Business Metrics vs Customer Metrics
by Huy Nguyen
What are the typical metrics that you’d normally look at weekly?
If you're like me (a startup founder), you would look at those that tell how your business is performing. For a SaaS company that’s ARR (Revenue), NRR (Retention), Signups, Trial Conversions, Visitors, etc.
We recently had a chance to speak with Colin Bryar, the co-author of Working Backwards. Colin commented, and I paraphrase:
“Your customers actually don’t care about how your business performs or how many customers you have. They care about what value they get from your product.
At Amazon, we focus on thinking from the customer experience, not (just) from the business metrics perspective. We draw out the customer journey, figure out the metrics that best represent their experience, and then optimize those. Because if our customer experience goes up, everything else (revenue, traffic, sellers, cost structure) improves as well.”
“For example, we track a metric called Out-of-stock Product Displays, which is the number of times a visitor views a product, but it went out of stock. This negatively affects the experience. The team’s job is to continually improve this metric.
These ‘customer’ metrics are usually actionable, because the team has a higher degree of control over these metrics. They can talk to the Fulfillment team to stock those SKUs sooner, or suggest Platform team to make adjustment to deemphasize such listings.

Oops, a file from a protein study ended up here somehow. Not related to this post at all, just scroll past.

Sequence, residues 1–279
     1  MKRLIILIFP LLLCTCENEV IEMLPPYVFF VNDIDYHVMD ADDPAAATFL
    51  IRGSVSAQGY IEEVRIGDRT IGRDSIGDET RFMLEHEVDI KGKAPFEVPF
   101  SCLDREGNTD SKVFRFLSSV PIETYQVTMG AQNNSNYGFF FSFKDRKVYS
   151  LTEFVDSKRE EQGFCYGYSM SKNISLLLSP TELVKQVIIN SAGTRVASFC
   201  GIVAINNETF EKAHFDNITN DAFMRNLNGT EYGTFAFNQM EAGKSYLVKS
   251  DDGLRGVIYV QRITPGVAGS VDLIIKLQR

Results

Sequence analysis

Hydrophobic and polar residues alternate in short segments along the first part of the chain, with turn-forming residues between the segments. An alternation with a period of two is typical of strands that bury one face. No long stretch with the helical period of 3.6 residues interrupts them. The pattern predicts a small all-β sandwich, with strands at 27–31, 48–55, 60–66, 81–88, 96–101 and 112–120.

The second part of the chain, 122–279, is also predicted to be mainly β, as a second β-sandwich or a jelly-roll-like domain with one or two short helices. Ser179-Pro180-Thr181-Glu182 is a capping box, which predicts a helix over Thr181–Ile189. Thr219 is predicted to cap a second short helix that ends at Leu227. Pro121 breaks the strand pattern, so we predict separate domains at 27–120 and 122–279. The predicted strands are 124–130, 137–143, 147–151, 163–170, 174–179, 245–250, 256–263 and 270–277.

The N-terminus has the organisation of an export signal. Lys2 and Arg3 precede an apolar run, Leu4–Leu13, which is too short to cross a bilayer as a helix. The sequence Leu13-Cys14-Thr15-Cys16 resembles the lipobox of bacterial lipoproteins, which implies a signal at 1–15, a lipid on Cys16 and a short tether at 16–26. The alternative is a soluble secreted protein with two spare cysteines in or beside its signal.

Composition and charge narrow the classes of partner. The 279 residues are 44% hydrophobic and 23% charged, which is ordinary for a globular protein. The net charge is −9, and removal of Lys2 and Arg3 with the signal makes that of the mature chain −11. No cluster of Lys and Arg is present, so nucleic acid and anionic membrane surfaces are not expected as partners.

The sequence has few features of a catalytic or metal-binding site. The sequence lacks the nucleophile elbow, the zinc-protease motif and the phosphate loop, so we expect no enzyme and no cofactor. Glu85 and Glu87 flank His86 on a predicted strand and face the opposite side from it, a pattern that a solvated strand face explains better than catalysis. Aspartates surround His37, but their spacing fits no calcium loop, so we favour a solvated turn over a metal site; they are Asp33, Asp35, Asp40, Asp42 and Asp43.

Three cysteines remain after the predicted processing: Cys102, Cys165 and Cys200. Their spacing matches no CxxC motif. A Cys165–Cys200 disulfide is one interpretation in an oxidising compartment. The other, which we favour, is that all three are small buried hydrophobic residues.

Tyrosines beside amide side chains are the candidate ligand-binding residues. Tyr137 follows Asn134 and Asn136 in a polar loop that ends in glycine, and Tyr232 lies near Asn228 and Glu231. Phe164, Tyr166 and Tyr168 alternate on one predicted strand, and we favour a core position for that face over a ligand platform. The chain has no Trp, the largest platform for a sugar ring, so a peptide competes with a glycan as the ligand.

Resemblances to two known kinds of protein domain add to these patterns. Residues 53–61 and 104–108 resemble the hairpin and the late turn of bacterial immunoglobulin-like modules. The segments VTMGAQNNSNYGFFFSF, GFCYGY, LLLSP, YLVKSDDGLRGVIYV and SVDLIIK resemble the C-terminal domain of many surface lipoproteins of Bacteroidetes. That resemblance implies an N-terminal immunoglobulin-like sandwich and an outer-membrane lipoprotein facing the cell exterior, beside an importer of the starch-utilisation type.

This is not to say we didn’t care about revenue/profits at Amazon. We run a tight Weekly Business Review (WBR) process where we review 20s to 30s metrics weekly, from high-level like revenue to to operational details like the ones above.”
For someone who works regularly with data like me, this is a moment of epiphany.
Although we (at Holistics) are obsessed over the customer journey / customer experience, on the metrics front we've been doing the exact opposite. We track only the business-oriented metrics: Visits, Trials, Activated, Converted, and Revenue.
Those tell us how our business performs, but say very little about the actual users experiencing the product.
Accordingly to Colin, we should also be tracking customer-experienced metrics like Time-to-Value, Support Response Time, CSAT, Page Load Time, etc. Anything that can measure or approximate the actual experience of our users.
Call us silly, because obviously things like CSAT and Time-to-Value are popular metrics every SaaS textbook talks about. But we never managed to put two and two together, and classify them as "customer metrics" vs "business metrics".
A small shift in perspective, but really a big aha moment for us.
What do you think?
p/s: Colin is really awesome by the way. He now runs a consulting business helping companies adopt the unique Amazon's business principles described in the book. Do check out his work. (We have no affiliation/financial incentive whatsoever by saying this, just want to share something potentially useful).
If you're interested in more non-obvious think pieces like this one, check out:
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